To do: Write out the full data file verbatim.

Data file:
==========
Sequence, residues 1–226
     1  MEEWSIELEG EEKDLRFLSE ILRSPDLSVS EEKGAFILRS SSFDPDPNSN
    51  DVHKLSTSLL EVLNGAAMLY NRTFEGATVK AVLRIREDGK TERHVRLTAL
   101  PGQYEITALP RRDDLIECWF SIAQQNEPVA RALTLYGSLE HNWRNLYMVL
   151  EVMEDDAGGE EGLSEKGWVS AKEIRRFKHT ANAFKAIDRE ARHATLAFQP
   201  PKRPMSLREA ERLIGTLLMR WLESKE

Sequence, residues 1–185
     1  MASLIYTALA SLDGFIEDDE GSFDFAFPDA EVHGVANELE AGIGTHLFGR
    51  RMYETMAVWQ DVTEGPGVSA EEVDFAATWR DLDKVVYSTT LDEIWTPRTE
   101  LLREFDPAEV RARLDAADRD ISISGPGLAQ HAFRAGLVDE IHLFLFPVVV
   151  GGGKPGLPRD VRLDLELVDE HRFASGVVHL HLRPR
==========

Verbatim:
Sequence, residues 1–226
     1  MEEWSIELEG EEKDLRFLSE ILRSPDLSVS EEKGAFILRS SSFDPDPNSN
    51  DVHKLSTSLL EVLNGAAMLY NRTFEGATVK AVLRIREDGK TERHVRLTAL
   101  PGQYEITALP RRDDLIECWF SIAQQNEPVA RALTLYGSLE HNWRNLYMVL
   151  EVMEDDAGGE EGLSEKGWVS AKEIRRFKHT ANAFKAIDRE ARHATLAFQP
   201  PKRPMSLREA ERLIGTLLMR WLESKE

Sequence, residues 1–185
     1  MASLIYTALA SLDGFIEDDE GSFDFAFPDA EVHGVANELE AGIGTHLFGR
    51  RMYETMAVWQ DVTEGPGVSA EEVDFAATWR DLDKVVYSTT LDEIWTPRTE
   101  LLREFDPAEV RARLDAADRD ISISGPGLAQ HAFRAGLVDE IHLFLFPVVV
   151  GGGKPGLPRD VRLDLELVDE HRFASGVVHL HLRPR